[EM] Election-Methods Digest, Vol 92, Issue 89

David L Wetzell wetzelld at gmail.com
Sun Feb 19 12:04:55 PST 2012

On Sun, Feb 19, 2012 at 12:24 PM, <
election-methods-request at lists.electorama.com> wrote:

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> Today's Topics:
>   1. Re: STV vs Party-list PR, could context matter?
>      (Kristofer Munsterhjelm)
>   2. Re: Conditionality-by-top-count probably violates FBC
>      (Kristofer Munsterhjelm)
>   3. Re: Conditionality-by-top-count probably violates FBC
>      (Jameson Quinn)
>   4. Re: STV vs Party-list PR, could context matter? (James Gilmour)
>   5. Re Rich Fobes, Kristofer M, James G (David L Wetzell)
> ---------- Forwarded message ----------
> From: Kristofer Munsterhjelm <km_elmet at lavabit.com>
> To: ElectionMethods at VoteFair.org
> Cc: election-methods at electorama.com
> Date: Sun, 19 Feb 2012 10:24:23 +0100
> Subject: Re: [EM] STV vs Party-list PR, could context matter?
> On 02/19/2012 06:18 AM, Richard Fobes wrote:
>> I have in mind European parliaments where coalitions are typically needed.
>> In my opinion, coalitions require back-room compromises that most voters
>> would not like (if they knew what those compromises were).
>> I have not seen any parliamentary democracies in which voters are able
>> to elect problem-solving leaders. Instead, special-interest puppets are
>> elected.
>> More specifically, European politicians seem to be as clueless as U.S.
>> politicians about what is needed to "create jobs" and restore widespread
>> economic prosperity.
> Let me just say that, as a Norwegian, that does not match my experience at
> all.

dlw: But you'll concede that a good deal of your country's prosperity comes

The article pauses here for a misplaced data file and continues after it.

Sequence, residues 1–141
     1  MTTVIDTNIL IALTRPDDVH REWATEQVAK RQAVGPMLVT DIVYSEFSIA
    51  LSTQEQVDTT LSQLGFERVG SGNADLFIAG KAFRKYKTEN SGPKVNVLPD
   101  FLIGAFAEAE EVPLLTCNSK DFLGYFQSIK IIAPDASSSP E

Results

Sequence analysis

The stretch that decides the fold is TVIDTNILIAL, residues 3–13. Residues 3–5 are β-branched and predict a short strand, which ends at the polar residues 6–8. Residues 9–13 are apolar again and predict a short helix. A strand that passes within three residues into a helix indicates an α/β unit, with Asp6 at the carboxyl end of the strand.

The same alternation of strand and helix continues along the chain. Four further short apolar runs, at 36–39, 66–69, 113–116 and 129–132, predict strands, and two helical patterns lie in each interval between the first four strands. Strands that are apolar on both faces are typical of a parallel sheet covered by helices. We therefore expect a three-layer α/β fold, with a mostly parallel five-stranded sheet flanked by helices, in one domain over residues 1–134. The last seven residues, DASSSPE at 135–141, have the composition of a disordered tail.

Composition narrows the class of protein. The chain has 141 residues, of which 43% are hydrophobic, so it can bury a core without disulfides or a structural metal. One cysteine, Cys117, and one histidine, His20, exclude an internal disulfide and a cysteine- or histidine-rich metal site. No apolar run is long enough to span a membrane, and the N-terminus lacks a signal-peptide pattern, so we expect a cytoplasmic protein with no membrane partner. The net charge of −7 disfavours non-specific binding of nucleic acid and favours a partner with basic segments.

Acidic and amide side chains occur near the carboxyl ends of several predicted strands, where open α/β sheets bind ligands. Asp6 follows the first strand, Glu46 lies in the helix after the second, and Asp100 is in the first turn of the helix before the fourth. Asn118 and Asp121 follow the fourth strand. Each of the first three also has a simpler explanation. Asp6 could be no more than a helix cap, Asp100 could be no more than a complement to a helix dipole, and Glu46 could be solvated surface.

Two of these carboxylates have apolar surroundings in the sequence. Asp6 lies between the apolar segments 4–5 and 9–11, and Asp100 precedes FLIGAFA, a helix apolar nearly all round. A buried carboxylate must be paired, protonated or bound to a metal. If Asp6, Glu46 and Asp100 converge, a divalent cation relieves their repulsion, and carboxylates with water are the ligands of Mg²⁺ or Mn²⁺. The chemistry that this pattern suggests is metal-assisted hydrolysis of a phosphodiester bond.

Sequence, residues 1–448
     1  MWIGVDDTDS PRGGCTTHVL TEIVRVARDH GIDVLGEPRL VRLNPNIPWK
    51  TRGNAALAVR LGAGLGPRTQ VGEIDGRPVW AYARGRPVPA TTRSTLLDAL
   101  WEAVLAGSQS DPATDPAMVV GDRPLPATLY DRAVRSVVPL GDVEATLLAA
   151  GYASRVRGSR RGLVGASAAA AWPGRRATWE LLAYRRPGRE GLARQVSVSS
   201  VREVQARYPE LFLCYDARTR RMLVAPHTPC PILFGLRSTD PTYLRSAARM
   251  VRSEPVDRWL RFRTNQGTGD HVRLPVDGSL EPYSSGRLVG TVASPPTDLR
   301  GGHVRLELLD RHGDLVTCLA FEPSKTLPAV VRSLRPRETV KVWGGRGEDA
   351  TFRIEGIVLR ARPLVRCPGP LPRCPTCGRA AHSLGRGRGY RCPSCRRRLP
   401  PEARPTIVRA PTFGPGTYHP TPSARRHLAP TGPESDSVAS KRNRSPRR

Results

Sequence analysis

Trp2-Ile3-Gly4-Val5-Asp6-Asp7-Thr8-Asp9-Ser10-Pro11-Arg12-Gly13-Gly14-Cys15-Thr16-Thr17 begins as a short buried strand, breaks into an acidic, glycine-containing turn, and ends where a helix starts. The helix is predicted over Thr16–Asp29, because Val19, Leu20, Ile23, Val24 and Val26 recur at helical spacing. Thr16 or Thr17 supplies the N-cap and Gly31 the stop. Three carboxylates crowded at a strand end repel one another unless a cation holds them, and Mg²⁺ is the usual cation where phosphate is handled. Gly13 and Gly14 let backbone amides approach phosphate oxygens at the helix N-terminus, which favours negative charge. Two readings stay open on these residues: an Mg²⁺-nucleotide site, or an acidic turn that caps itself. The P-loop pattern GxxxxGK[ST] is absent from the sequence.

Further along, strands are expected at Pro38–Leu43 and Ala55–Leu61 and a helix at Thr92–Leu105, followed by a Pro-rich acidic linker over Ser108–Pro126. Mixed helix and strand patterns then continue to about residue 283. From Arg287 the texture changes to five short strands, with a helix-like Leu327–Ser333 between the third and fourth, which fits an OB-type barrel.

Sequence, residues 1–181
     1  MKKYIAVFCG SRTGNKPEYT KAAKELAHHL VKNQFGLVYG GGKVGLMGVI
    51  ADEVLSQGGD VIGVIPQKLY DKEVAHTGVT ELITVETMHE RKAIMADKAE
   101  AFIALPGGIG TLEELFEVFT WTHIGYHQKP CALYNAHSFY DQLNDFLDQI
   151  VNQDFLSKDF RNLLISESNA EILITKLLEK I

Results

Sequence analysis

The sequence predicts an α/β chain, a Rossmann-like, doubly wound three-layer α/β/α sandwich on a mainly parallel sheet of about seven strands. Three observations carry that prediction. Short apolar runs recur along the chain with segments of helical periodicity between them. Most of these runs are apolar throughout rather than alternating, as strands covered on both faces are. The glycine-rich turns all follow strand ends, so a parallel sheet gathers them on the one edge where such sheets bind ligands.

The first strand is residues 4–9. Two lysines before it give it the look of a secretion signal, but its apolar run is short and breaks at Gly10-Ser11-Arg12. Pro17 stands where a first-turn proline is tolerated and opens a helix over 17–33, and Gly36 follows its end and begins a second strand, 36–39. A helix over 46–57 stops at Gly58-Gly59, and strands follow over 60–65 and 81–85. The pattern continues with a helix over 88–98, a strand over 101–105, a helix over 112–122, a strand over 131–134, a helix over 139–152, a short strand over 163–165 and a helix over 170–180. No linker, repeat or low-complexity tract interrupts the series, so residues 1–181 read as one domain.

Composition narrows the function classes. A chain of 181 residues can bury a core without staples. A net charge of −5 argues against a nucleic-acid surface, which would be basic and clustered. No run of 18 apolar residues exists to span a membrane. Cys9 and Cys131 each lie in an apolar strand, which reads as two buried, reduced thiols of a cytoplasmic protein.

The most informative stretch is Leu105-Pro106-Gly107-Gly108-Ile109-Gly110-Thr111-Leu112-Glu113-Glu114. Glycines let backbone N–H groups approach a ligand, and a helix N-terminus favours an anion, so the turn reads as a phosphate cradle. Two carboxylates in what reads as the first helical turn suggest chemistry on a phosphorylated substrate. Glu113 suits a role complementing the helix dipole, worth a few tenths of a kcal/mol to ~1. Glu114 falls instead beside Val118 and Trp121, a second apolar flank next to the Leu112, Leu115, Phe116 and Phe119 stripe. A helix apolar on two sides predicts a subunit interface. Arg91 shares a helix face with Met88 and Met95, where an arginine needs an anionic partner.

from its oil holdings, apart from its use of PR?
It's easier to let the pie get sliced into many pieces when it's a big pie
and you are a smaller, relatively homogeneous country.
Which makes it harder to discern what benefits are due to PR and then
there's the issue of what sort of PR gets used.

> Instead, I'd say that the European problem is that the ones in power are
> trying to bite off too much. The European Union, in growing so quickly, had
> to be built on compromise at all costs, and that compromise has led to many
> solutions that only go some of the way. The Euro matter is a good example:
> the management of the currency (along with attendant financial policy) is
> partially centralized, partially decentralized, and that doesn't work. They
> also have their undemocratic, bureaucrat-ruled past to deal with, though
> they've come some way by giving some of the Commission's power to the
> Parliament.

dlw: Or they don't follow thru with critical changes because their
coalitions don't last very long?

>  I agree that a lot can be accomplished without making this change.
>> I also agree that there are no "unchangeable" laws that would prevent
>> changing how voting is done in Congress.
>> Yet special interests -- i.e. the biggest campaign contributors -- will
>> never intentionally allow such changes -- because they know how to
>> control ("rig") the system under the current laws/rules.
> That seems to say that you can't expect the rules to change to favor third
> parties first, because under the current system, the campaign contributors
> would want the status quo to prevail.

> So you'd have to weaken the power of the campaign contributors. And how
> would you do so? Perhaps by competition?
> I guess the risky part would be that you get multipartyism, and then the
> rules don't work, and then instead of the coalitions altering the rules so
> that they *do* work (now that campaign contributors can't buy all the
> parties off), the people say "oh, it's not working, let's return to the old
> lesser-evil system -- at least that did work".
> Is that something like what you're imagining?

dlw: I don't think they'd get even to first base if that's what they were
aiming for.

3rd parties are not powerful at all in the US.  Thus, it's a lot harder to
get really third party friendly electoral reforms.  It's easier to go the
opposite direction with a "top two primary"....

This is why we observe FairVote pushing for electoral reforms that help 3rd
parties, but not a whole lot.
Unlike us dilettantes, they have very much at stake as an org in their
efforts for electoral reform and so they, IMO, try to choose their battles

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